In India, Tea is not just a beverage but an integral part of our lives to escape the everyday humdrum of life. From sports to politics, the discussions seem incomplete without a hot cup of tea. But did we ever stop to think about the origin of tea and how it became popular in India?
Legend has it, almost 5000 years back in Ancient China, one day Emperor Shen Nung was sitting under a tree and a few wild leaves blew into his pot of boiling water. Fascinated with the aroma of the resulting brew, he drank some and that is how he came across tea. Since then, China discovered tea first for its medicinal benefits and later as an everyday beverage.
By the mid-17th century, tea was introduced in England by the Portuguese and Dutch traders. Soon the ritual of drinking tea was adopted by the British aristocrats and by the year 1750, they were importing tea worth millions of pounds per year from China. To cut down on this enormous expenditure, the British started experimenting with tea cultivation in India. During this process of experimentation, British colonists found tea plants growing wild in the jungles of North-East Assam around the early 1830s.
History has it that an Assamese merchant, Maniram Dutta Barbhandari Baruah (also known as Maniram Dewan) introduced Scotsman Robert Bruce to the Singpho tribe of Assam who made use of a native variety of Camellia Sinensis. These plants grew wild in this region and were used by them in their daily lives for cooking and as a medicinal drink.
The plant samples were collected, tested and were found to be similar to the Chinese Tea Plant but of a different variety. This variety was named Assamica.
Chinese Tea plants were first introduced in India by Robert Fortune, a Scottish Botanist who spent two and a half years in China working on behalf of the Royal Horticultural Society of London. Around 80,000 tea saplings from China were brought in India and in the early 1840’s Chinese Tea Plants were first tried out in Assam but were found unsuitable for this region. This led to the popularity of the Assamica variant which had thicker leaves compared to its counterpart.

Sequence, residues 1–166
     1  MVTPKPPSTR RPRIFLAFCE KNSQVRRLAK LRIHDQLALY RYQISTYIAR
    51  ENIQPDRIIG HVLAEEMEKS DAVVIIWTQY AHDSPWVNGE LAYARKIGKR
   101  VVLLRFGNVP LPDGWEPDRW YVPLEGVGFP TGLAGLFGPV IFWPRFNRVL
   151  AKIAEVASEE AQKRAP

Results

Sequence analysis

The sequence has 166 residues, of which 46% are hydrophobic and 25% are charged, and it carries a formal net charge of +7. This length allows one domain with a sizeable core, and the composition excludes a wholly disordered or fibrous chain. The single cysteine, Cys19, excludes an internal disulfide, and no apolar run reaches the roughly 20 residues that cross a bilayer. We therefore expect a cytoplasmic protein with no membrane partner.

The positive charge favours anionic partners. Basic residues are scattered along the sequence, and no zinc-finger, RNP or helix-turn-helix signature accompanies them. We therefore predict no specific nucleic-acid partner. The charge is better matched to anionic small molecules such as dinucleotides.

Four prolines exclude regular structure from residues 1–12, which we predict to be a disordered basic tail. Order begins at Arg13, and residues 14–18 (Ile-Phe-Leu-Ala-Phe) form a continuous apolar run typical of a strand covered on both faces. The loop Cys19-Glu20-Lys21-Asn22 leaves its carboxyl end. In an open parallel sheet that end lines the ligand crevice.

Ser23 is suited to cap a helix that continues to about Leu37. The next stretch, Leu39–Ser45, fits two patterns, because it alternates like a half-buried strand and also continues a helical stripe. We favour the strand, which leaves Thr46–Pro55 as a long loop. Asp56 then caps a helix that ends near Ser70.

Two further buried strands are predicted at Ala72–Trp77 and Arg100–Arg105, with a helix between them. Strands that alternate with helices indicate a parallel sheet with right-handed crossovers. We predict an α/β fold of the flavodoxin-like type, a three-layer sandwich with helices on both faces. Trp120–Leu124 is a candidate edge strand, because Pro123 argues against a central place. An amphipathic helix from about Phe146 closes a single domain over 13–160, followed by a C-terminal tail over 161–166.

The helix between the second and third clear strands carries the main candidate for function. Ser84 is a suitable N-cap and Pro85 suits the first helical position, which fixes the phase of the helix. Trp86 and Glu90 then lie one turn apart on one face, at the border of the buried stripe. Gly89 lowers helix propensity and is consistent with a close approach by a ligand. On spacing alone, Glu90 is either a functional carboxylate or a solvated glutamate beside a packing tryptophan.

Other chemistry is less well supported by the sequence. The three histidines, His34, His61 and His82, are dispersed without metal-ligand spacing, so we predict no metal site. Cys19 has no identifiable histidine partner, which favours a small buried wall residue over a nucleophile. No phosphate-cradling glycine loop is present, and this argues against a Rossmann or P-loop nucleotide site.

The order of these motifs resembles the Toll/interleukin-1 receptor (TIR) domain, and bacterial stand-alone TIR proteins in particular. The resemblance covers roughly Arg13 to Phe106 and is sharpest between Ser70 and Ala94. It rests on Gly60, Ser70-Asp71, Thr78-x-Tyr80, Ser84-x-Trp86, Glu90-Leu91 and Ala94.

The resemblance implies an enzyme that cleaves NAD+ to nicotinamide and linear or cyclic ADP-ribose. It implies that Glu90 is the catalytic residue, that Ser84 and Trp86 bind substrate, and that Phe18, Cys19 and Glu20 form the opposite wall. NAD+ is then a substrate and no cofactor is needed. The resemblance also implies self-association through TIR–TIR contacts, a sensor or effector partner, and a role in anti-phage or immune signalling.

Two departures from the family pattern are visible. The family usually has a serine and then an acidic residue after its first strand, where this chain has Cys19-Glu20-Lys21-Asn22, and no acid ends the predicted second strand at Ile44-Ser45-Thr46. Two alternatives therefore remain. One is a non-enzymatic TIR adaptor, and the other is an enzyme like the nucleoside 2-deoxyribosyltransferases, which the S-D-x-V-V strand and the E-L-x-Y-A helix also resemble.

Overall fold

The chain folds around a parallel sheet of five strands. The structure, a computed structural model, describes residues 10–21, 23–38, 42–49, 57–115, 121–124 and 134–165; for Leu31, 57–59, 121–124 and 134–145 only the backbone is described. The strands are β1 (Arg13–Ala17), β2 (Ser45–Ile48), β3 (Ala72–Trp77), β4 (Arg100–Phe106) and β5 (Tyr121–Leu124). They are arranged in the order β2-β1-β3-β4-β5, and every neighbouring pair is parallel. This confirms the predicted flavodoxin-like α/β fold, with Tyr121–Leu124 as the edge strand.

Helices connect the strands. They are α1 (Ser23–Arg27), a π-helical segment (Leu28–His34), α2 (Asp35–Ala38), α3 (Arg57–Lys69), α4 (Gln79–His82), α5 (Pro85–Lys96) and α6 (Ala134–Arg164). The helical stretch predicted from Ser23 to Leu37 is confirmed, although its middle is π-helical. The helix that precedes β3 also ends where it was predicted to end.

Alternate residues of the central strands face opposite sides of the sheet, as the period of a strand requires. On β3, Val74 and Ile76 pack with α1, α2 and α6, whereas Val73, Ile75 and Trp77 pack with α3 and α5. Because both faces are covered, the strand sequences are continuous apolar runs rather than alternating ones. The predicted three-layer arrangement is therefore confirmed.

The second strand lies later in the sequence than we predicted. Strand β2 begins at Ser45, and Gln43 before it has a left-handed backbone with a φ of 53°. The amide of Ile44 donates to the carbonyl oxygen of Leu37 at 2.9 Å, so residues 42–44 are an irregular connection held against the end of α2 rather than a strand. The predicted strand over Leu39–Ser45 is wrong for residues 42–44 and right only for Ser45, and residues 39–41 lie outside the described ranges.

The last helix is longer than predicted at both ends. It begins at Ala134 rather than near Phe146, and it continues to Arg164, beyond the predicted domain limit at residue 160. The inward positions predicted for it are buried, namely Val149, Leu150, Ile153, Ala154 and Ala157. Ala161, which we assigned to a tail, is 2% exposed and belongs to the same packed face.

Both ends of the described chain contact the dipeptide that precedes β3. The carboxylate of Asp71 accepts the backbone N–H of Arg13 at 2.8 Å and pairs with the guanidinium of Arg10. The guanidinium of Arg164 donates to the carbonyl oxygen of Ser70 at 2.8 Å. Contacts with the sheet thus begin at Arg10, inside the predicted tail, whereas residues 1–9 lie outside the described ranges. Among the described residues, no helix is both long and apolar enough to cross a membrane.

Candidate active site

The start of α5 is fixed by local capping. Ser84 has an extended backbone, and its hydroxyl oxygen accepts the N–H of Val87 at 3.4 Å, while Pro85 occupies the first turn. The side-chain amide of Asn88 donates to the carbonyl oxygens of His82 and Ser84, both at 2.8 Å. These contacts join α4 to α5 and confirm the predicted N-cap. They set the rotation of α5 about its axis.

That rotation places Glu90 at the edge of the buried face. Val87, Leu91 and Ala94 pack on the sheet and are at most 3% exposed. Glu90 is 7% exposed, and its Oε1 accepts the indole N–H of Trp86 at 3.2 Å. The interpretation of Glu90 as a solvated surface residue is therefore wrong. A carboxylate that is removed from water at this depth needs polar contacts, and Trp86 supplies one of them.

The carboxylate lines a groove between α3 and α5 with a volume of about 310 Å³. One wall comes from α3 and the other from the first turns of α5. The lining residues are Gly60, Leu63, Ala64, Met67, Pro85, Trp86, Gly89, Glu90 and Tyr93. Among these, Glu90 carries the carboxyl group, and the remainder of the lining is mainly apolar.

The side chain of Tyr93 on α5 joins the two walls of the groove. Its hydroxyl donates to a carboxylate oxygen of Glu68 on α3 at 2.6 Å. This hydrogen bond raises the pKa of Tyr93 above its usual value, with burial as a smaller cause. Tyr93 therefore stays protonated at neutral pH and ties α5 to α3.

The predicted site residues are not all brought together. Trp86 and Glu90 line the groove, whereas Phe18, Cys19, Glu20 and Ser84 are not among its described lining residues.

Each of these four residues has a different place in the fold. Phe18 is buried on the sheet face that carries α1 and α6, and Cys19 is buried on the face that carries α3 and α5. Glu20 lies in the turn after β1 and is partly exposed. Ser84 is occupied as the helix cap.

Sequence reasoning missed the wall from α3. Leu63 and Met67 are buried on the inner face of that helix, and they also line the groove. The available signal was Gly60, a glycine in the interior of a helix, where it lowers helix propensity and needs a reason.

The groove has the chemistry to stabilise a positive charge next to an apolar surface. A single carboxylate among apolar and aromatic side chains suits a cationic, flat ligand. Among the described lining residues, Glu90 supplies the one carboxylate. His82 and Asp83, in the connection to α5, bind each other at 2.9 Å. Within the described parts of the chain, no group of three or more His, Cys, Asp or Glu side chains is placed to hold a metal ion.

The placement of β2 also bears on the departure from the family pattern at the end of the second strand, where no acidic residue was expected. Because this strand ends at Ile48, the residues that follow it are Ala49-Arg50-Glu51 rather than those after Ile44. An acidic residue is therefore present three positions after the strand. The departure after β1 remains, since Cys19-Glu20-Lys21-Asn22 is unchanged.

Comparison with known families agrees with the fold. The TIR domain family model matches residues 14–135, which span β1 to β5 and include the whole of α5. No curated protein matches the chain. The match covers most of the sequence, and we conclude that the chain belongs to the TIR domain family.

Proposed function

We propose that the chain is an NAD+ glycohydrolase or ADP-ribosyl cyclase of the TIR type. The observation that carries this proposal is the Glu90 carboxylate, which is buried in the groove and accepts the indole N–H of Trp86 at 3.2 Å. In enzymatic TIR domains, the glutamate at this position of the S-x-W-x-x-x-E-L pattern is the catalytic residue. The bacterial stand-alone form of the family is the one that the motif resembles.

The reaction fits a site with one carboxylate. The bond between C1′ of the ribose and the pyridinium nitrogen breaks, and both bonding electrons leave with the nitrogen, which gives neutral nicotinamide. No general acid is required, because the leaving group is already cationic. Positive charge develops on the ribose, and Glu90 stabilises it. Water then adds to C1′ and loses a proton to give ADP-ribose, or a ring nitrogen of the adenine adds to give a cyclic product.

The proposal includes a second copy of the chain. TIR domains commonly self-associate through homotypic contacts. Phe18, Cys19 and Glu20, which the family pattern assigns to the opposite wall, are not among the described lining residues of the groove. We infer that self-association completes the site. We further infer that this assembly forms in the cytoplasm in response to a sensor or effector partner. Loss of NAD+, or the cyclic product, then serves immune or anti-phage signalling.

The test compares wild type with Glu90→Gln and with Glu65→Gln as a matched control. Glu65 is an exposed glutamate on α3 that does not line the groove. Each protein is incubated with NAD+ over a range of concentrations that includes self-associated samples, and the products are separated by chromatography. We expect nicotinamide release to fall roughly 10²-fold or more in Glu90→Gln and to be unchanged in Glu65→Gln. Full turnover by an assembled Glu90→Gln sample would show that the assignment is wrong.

These Chinese Tea saplings were also tested by Dr Archibald Campbell, the first superintendent of Darjeeling. With a keen interest in economic botany, Dr Campbell brought a few tea seeds from the Kumaon region and planted them near his house in the high elevation regions of Darjeeling, on the foothills of the Himalayas. These plants flourished owing to the fresh breeze, acidic soil and cool air in this region. The resulting tea was very different from both the Chinese Tea and the strong Assam Tea. It seemed to have embraced the topography and developed its own unique personality and distinct characteristic. At this time, other families living near the region also planted the seeds and slowly started clearing the area for further tea plantation. By the early 1850s, commercial development of tea plantations bloomed in Darjeeling.
Inspired by the successful outcome of tea cultivation in Assam and Darjeeling, others too tried tea cultivation across the entire foothills of Himalayas and other parts of India – such as Kangra Valley, Kulu, Garhwal, Kumaon and Dehra Dun in the North, and Nilgiris in the South.
Tea consumption in India has evolved in myriad ways over the years. Once considered a drink for the Royals, it has now become the staple of every common man in India. It has become a tradition to welcome guests with a hot steaming cup of tea in almost every Indian household.
Since the end of the British era in India in 1947, the production of tea has increased by 250% with a 40% rise in area under tea cultivation. Today, India accounts for almost 31% of the global tea output with technologically advanced equipment and is proud to be the second-largest producer of tea in the world after China. West Bengal, Assam, Himachal Pradesh and Kerela are the leading states for tea production, with Darjeeling producing the most exclusive teas in the world.